Assuntos
Anti-Hipertensivos/uso terapêutico , Determinação da Pressão Arterial , Hipertensão/diagnóstico , Hipertensão/tratamento farmacológico , Autocuidado , Telemedicina , Idoso , Feminino , Medicina Geral , Humanos , Masculino , Pessoa de Meia-Idade , Atenção Primária à Saúde , Reino Unido
18.
J Clin Nurs ; 27(9-10): 1872-1883, 2018 May.
Artigo em Inglês | MEDLINE | ID: mdl-29314366

RESUMO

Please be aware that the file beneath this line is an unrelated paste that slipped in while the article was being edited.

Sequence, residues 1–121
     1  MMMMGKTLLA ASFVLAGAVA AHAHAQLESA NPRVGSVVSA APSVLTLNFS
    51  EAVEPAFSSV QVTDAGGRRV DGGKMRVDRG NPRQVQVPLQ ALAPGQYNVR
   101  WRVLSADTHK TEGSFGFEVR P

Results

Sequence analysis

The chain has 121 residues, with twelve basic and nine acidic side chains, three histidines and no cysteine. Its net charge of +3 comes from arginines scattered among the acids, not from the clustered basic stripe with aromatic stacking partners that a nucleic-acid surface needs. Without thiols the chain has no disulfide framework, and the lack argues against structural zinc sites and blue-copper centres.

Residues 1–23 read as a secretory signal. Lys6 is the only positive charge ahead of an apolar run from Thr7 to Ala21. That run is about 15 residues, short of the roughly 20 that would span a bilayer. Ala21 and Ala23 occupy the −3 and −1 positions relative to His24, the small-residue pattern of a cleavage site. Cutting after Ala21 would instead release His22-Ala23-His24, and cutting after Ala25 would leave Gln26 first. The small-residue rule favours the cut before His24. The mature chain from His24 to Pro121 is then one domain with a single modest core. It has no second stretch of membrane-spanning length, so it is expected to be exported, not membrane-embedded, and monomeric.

AIMS AND OBJECTIVES: To explore barriers to midwives and nurses addressing mental health issues with women during the perinatal period. BACKGROUND: Perinatal mental health is considered an important public health issue with health policy internationally identifying the importance of psychological support for women in the perinatal period. Midwives and primary care nurses are ideally positioned to detect mental distress early, but evidence suggests that they are reluctant to discuss mental health issues with women during pregnancy or in the postnatal period. DESIGN: The research used a descriptive design. METHODS: A total of 809 midwives and nurses completed an anonymous, online or hard copy survey. Designed by the research team, the survey listed 26 potential barriers to the provision of perinatal mental health care. RESULTS: Participants identified organisational factors as presenting the greatest barriers. Organisational barriers included lack of perinatal mental health services, absence of care pathways, heavy workload, lack of time, lack of privacy and not seeing women regularly enough to build a relationship. Over 50% of participants identified practitioner-related barriers, such as lack of knowledge on perinatal mental health and cultural issues; lack of skill, in particular, skills to respond to a disclosure of a mental health issue; and fears of causing women offence and distress. Findings also indicated that the context of care and education influenced the degree to which participants perceived certain items as barriers. CONCLUSIONS: Midwives and primary care nurses encounter many organisational- and practitioner-related barriers that negatively impact on their ability to incorporate mental health care into their practice. RELEVANCE TO CLINICAL PRACTICE: Midwifery and nursing services need to develop strategies to address system- and practitioner-related barriers, including the development of services and care pathways, and the provision of culturally sensitive education on perinatal mental health in order to support practitioners to address issues with confidence and competence.